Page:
Protesters Cover Jefferson Statue at UVA

Sep 13, 2017

The University of Virginia’s president had a strong reaction to Tuesday night’s action by dozens of students and faculty members who covered a statue of Thomas Jefferson, calling him a racist and a rapist.  

Protesters cover a statue of Thomas Jefferson, calling UVA's founder a racist and a rapist.
Credit Eze Amos

At just after 8 p.m. Tuesday, about 100 people gathered around the Jefferson statue while three climbed up and draped a black tarp over the University of Virginia’s founder.  Protesters then listed a series of demands. They asked UVA to make education about slavery part of its bi-centennial celebration, proposed hiring more black faculty members and admitting more black students. (They make up less than seven percent of enrollment in a state that is nearly 20% African-American. )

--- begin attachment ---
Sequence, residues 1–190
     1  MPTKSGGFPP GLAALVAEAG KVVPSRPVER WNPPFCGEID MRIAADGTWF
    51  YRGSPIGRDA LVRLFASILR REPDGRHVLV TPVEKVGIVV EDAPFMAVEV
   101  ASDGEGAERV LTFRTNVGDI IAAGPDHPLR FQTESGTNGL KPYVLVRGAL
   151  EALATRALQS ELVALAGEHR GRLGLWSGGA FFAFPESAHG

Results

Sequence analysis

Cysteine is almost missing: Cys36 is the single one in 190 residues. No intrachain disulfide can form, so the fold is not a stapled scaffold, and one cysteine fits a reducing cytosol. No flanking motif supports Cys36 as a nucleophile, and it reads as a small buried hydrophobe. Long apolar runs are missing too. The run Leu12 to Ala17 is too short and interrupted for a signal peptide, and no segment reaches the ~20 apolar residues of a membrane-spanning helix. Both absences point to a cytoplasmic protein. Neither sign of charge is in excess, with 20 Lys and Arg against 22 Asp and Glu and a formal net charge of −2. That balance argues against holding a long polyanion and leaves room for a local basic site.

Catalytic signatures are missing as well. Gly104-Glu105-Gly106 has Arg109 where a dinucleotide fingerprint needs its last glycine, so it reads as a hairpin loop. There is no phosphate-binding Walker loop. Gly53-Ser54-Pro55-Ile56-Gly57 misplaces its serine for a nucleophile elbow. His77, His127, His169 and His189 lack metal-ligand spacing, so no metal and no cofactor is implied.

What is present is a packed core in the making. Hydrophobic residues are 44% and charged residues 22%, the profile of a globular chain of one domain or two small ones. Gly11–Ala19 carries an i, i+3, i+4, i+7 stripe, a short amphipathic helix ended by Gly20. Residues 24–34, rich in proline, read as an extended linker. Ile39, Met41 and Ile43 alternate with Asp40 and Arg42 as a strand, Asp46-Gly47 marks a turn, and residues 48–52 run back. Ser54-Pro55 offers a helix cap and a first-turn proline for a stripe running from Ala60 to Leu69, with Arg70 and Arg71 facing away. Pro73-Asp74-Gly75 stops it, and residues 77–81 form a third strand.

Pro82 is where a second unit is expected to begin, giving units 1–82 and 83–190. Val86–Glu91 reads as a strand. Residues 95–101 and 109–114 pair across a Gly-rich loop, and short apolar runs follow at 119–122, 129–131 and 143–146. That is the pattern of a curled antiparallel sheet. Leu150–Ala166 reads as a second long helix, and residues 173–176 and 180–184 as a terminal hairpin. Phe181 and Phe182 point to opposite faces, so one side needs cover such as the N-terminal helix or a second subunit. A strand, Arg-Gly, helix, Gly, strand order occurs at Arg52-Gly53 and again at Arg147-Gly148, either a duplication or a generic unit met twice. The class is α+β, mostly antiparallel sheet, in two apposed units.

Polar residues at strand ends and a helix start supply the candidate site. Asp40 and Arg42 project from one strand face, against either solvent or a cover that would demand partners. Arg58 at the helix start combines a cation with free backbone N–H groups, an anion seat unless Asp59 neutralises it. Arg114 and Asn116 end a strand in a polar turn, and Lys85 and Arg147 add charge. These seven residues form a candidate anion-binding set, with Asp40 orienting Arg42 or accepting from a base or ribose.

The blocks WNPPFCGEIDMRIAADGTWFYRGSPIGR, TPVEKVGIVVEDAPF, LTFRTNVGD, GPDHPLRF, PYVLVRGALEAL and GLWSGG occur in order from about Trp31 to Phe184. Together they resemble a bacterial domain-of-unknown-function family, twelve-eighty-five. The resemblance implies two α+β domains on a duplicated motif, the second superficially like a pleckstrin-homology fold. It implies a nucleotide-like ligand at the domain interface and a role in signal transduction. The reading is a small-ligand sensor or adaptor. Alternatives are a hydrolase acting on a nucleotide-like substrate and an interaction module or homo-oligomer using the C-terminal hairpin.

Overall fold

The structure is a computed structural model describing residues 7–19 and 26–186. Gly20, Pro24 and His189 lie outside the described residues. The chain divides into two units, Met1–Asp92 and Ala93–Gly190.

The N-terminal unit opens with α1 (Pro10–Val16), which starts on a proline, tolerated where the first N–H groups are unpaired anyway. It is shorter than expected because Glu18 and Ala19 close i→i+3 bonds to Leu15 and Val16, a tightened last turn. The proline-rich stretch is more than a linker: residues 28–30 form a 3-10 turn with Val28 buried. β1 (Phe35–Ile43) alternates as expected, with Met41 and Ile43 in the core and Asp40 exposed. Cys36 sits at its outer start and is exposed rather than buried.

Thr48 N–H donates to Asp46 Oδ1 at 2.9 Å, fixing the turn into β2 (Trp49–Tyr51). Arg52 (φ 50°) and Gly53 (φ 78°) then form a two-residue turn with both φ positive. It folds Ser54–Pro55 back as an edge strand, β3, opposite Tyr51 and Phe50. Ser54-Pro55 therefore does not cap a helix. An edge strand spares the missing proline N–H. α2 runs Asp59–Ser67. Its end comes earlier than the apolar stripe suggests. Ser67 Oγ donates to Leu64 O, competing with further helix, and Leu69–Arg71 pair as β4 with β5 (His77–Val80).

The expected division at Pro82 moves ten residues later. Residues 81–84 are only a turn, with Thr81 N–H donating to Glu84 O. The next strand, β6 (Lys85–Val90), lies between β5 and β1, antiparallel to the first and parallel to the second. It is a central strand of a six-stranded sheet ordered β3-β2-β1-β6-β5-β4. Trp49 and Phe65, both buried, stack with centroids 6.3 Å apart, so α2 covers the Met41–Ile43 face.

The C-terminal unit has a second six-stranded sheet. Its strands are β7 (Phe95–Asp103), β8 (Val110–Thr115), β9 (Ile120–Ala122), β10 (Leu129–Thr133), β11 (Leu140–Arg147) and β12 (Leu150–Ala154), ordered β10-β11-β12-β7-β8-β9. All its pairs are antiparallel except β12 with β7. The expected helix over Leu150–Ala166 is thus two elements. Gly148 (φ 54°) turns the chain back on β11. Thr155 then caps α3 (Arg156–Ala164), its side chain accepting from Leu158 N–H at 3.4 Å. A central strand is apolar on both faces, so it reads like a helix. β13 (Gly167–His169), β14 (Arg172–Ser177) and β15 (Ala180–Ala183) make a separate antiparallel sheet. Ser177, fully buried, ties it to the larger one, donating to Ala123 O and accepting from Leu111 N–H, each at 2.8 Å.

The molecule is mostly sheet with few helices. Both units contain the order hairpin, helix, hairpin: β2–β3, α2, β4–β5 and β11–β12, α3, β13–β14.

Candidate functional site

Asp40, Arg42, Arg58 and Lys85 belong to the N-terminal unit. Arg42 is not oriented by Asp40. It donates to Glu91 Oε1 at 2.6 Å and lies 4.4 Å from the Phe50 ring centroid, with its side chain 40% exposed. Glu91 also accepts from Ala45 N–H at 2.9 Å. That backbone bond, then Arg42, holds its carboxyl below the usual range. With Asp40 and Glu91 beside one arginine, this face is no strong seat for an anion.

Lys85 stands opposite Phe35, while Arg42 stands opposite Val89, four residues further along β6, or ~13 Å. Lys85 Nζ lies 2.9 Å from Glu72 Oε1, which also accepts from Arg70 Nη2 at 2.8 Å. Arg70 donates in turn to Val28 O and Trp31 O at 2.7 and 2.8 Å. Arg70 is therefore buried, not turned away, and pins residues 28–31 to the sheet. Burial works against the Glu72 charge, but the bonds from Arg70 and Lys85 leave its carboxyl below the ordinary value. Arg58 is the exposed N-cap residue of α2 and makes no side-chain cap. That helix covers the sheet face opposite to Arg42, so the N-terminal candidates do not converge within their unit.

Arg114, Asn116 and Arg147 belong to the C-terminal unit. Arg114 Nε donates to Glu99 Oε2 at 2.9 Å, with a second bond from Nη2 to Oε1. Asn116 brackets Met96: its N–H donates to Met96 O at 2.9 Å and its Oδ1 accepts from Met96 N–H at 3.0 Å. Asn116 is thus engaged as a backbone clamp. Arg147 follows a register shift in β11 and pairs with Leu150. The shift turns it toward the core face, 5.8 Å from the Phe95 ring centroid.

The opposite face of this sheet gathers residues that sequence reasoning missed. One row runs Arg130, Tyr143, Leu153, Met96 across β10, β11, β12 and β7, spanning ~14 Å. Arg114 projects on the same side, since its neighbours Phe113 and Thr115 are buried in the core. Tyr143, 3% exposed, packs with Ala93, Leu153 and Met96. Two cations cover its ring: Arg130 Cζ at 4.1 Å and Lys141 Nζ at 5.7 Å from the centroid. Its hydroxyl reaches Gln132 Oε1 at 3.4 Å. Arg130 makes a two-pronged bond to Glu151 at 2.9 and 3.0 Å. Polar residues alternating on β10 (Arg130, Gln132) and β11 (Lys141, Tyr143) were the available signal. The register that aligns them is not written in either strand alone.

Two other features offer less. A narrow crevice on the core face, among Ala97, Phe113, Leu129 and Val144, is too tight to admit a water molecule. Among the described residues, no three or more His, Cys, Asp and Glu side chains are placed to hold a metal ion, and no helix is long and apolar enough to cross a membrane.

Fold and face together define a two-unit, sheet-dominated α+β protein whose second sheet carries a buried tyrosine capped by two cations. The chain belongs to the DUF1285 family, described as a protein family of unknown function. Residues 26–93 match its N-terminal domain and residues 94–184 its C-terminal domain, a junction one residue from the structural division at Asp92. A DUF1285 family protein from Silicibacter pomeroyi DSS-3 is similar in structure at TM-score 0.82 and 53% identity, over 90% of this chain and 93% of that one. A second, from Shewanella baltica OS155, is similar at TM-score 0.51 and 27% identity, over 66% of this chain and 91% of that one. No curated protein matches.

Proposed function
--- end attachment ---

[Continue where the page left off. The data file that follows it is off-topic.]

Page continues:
They also demanded that white supremacists be banned from campus.

“UVA alumni Jason Kessler and Richard Spencer should be explicitly denounced and banned from grounds," said one speaker.  The crowd roared its approval.  " UVA’s historical landscape must be rebalanced," said another. "The statue of Jefferson serves as an emblem of white supremacy and should be re-conceptualized with a plaque to include that history.”   

UVA President Teresa Sullivan issued a statement to students, faculty and staff, defending the right to express opinions about Jefferson but taking strong personal exception to those views.  She pointed out that Jefferson made many contributions to the early American Republic: he served as its third president, championed religious freedom and authored the Declaration of Independence.

Sullivan pointed out UVA had acknowledged its controversial history.  A memorial to enslaved laborers will be built on campus, and Sullivan noted the university had just dedicated Pinn Hall in honor of Dr. Vivian Pinn, one of the earliest African-American women to graduate from the medical school and former director of the Women’s Health Initiave at the National Institutes of Health.

In an email to alumni, Sullivan used stronger language – accusing the protesters of “desecrating ground that many of us consider sacred.”